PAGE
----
3.5 billion-year-old rock structures are one of the oldest signs of life on Earth, Scientists discover in a New Study

Layered rocks located in Western Australia have been discovered to be one of the earliest known signs of life on Earth. These rocks contained fossils known as stromatolites which were formed as a result of the excretions of photosynthetic microbes. Scientists were amazed by the existence of these fossils in the layered rocks.

The older stromatolites discovered in the rocks were traced back to 3.43 billion years ago. However, further studies enabled scientists to discover the oldest fossils which were traced back to around 3.48 billion years. These rocks located in western Australia have most traces of organic matter in older stromatolites erased due to billions of years of existence.

However, the absence of organic matter in these oldest stromatolites made scientists wonder if they were truly formed by microbes or by other geological means. These stromatolites were discovered to be in the Dresser Formation of the layered rocks. After conducting this recent study, scientists concluded that the presence of stromatolites is evidence of ancient life. Keyron Hickman-Lewis, who served as a paleontologist at the Natural History Museum in London led other scientists to arrive at a satisfactory conclusion after conducting the research.

“We were able to find certain specific microstructures within particular layers of these rocks that are strongly indicative of biological processes,” said Keyron Hickman-Lewis.

During an interview session with Live Science, Hickman-Lewis reveals that the recent discovery could help scientists in advancing the way we search for life on Mars. Scientists closely analyzed the rock samples and discovered that the Stromatolites are encrusted in iron oxide due to the reaction of iron with oxygen in the atmosphere. Based on our martian exploration, scientists have discovered that Mars’ terrain has similar oxidation.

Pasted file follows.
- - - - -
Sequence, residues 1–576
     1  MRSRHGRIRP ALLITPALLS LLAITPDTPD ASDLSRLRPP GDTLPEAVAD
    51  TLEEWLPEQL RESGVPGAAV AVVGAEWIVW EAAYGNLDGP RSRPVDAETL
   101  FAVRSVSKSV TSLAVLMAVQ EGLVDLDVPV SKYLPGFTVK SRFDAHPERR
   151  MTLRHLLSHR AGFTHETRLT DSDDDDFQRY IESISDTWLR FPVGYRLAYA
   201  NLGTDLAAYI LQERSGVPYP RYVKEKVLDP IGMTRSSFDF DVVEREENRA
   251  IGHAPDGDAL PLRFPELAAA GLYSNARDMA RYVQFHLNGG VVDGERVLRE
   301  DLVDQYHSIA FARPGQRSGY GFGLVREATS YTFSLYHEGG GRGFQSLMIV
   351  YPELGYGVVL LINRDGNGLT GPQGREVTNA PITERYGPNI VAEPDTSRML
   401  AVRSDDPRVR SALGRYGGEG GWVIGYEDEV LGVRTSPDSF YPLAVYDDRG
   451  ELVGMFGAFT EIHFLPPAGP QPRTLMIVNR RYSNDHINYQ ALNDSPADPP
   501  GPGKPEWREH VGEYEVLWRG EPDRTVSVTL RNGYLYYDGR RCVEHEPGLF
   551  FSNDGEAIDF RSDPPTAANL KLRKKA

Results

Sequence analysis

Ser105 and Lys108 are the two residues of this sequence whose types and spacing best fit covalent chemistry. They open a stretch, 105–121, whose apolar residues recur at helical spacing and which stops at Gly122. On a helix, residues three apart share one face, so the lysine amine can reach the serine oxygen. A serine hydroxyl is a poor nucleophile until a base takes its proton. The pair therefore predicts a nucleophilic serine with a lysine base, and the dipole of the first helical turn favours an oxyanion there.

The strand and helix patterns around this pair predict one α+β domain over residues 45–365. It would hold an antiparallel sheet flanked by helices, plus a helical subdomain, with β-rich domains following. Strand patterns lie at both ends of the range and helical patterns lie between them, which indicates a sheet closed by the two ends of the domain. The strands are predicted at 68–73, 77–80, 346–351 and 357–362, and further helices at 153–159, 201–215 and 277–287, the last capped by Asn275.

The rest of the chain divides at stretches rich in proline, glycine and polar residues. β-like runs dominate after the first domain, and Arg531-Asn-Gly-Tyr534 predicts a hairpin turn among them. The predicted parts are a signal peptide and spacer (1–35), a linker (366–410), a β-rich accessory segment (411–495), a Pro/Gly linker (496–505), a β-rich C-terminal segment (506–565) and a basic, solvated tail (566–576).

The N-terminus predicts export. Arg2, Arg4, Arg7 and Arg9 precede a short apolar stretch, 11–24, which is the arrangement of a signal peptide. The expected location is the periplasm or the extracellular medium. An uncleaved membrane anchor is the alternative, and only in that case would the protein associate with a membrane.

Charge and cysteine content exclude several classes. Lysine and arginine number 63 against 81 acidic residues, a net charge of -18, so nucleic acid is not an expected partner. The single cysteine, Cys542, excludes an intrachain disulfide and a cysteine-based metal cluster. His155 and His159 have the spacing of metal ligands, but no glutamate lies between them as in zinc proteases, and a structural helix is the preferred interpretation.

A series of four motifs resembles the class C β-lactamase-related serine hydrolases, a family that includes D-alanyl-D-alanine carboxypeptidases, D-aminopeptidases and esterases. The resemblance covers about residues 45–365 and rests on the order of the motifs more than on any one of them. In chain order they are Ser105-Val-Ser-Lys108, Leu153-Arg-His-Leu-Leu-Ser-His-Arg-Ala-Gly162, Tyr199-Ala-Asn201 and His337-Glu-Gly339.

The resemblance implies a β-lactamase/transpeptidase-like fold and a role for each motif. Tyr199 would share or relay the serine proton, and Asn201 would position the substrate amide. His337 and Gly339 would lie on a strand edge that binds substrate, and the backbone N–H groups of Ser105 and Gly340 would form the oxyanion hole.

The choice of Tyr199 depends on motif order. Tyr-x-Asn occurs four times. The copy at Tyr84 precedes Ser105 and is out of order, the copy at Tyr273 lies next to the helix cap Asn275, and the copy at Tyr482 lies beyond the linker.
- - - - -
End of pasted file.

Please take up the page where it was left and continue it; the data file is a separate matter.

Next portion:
“Mars’ surface is similarly oxidized — thus the rusty orange color — but its rocks could hold similar structures left behind by ancient Martian life,” Hickman-Lewis said. 

How the scientists conducted the research

Hickman-Lewis and his team of scientists used rock samples containing stromatolites to conduct their study at the National Center for Scientific Research (CNRS) in France. These rocks samples were first discovered in 2000 in Western Australia. However, scientists had to wait until recently to find more fascinating stuff from the rocks.

Hickman-Lewis, co-author Frances Westall and other scientists used different high-resolution 2D and 3D imaging techniques to look closely into the layers of the stromatolite at a fine scale. Their observation unveiled the biological growth on the rocks samples. They also studied the uneven layers such as the little dome shapes that serve as evidence of photosynthesis.

Their further observation enabled them to see columnar structures that are present in modern stromatolites. These columnar structures are also discovered in a few spots around the world. Linda Kah, a sedimentologist and geochemist at the University of Tennessee who did not participate in the new study added all the structural clues together before sharing her thought with Live Science.

“Microbial mats give you layers that are uneven in their thickness and tend to be wrinkly or crinkly or go up and down on very small spatial scales,” Linda Kah told Live Science, “you end up with what looks like the characteristics of a microbial mat.” 

Scientists used the minerals contained in the stromatolites to conclude that the microbial mats may have been formed in a shallow lagoon fed by hydrothermal vents possibly linked to the ocean. The researchers published the outcome of this study in the journal Geology on Nov. 4.

Hickman-Lewis strongly believed that scientists could use the techniques deployed in this recent study to find evidence of life on Mars from the rock samples that will be transported back home from Mars in the future. What do you think about this scientific discovery?

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